author = "Paul Bologna and Jr Heck",
year = "2000",
month = "1",
day = "1",
doi = "10.2307/1353138",
language = "English",
volume = "23",
pages = "449--457",
journal = "Estuaries",
issn = "0160-8347",
publisher = "Estuarine Research Federation",
number = "4",

}

Impacts of seagrass habitat architecture on bivalve settlement. / Bologna, Paul; Heck, Jr.

In: Estuaries, Vol. 23, No. 4, 01.01.2000, p. 449-457.

Research output: Contribution to journalArticleResearchpeer-review

TY - JOUR

T1 - Impacts of seagrass habitat architecture on bivalve settlement

AU - Bologna, Paul

AU - Heck, Jr

PY - 2000/1/1

Y1 - 2000/1/1

N2 - We investigated the effects of differing spatial scales of seagrass habitat architecture on the composition and abundance of settling bivalves in a sub-tropical seagrass community. The density of newly settled bivalves was generally greater at Thalassia testudinum grass bed edge (< 1 m) compared to interior portions of the bed (> 10 m). Deviation from this generalized pattern occurred when high densities of newly settled tulip mussels (Modiolus americanus) were recorded from the interior of the meadow, associated with aggregations of adult mussels. Bivalve settling densities appear to reflect settlement shadows of passively delivered larvae, bedload transport of newly settled individuals from unvegetated regions, as well as gregarious settlement among adult conspecifics. We also investigated the impact of seagrass patch shape and size on settlement by using artificial seagrass units (ASU) in separate short-term and long-term experiments. We found a positive relationship between ASU perimeter and bivalve abundance, suggesting that larval encounter rates with seagrass habitat may determine initial settlement patterns. Using ASUs we also investigated the relative role seagrass epiphytes play in determining the density of settling bivalves. Results showed greater settling densities where epiphytic secondary structure was elevated compared to controls, and bivalve density was significantly greater when ASUs were fouled with a natural community of epiphytes, suggesting that both microstructure and biofilms positively influenced bivalve settlement. We conclude that structural components of seagrass habitats increase bivalve settlement at multiple spatial scales, including epiphytic micro-structure, small-scale patch shape and size, and large-scale within habitat differences.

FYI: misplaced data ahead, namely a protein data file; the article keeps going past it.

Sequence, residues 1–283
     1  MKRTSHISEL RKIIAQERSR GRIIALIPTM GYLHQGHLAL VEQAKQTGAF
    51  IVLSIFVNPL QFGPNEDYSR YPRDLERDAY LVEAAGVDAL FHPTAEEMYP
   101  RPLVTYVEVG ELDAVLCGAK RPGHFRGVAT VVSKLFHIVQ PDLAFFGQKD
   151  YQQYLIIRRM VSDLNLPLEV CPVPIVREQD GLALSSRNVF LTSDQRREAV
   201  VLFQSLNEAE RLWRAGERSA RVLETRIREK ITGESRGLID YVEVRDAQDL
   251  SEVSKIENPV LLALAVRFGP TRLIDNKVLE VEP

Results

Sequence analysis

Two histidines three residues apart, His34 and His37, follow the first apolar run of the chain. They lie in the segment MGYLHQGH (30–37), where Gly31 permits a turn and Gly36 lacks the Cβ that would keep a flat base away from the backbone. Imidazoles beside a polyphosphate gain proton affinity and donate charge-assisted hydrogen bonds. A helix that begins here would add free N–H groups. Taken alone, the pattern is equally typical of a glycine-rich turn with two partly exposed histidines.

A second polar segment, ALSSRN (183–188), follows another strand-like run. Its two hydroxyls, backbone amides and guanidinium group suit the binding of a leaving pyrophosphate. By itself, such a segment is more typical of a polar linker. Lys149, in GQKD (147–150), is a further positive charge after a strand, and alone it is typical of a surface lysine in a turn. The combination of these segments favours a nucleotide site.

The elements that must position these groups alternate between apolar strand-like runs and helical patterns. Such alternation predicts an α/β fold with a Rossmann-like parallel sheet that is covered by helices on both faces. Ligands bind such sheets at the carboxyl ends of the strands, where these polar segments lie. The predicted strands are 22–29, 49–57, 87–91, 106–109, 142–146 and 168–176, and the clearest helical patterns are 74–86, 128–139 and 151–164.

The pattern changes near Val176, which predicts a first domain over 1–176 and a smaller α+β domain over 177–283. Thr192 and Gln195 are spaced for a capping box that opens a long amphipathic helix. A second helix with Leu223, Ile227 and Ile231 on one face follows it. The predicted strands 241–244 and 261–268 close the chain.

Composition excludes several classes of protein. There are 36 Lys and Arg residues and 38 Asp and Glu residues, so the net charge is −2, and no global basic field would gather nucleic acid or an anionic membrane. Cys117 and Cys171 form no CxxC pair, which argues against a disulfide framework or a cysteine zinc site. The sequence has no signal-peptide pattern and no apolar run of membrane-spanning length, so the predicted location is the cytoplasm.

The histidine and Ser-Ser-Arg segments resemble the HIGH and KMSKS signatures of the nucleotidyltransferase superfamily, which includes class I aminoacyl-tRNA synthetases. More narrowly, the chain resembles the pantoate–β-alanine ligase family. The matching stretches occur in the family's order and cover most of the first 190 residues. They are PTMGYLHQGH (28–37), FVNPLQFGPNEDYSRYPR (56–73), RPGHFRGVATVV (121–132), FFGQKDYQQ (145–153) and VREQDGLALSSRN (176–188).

AB - We investigated the effects of differing spatial scales of seagrass habitat architecture on the composition and abundance of settling bivalves in a sub-tropical seagrass community. The density of newly settled bivalves was generally greater at Thalassia testudinum grass bed edge (< 1 m) compared to interior portions of the bed (> 10 m). Deviation from this generalized pattern occurred when high densities of newly settled tulip mussels (Modiolus americanus) were recorded from the interior of the meadow, associated with aggregations of adult mussels. Bivalve settling densities appear to reflect settlement shadows of passively delivered larvae, bedload transport of newly settled individuals from unvegetated regions, as well as gregarious settlement among adult conspecifics. We also investigated the impact of seagrass patch shape and size on settlement by using artificial seagrass units (ASU) in separate short-term and long-term experiments. We found a positive relationship between ASU perimeter and bivalve abundance, suggesting that larval encounter rates with seagrass habitat may determine initial settlement patterns. Using ASUs we also investigated the relative role seagrass epiphytes play in determining the density of settling bivalves. Results showed greater settling densities where epiphytic secondary structure was elevated compared to controls, and bivalve density was significantly greater when ASUs were fouled with a natural community of epiphytes, suggesting that both microstructure and biofilms positively influenced bivalve settlement. We conclude that structural components of seagrass habitats increase bivalve settlement at multiple spatial scales, including epiphytic micro-structure, small-scale patch shape and size, and large-scale within habitat differences.

UR - http://www.scopus.com/inward/record.url?scp=85046525112&partnerID=8YFLogxK

U2 - 10.2307/1353138

DO - 10.2307/1353138

M3 - Article

VL - 23

SP - 449

EP - 457

JO - Estuaries

JF - Estuaries

SN - 0160-8347

IS - 4

ER -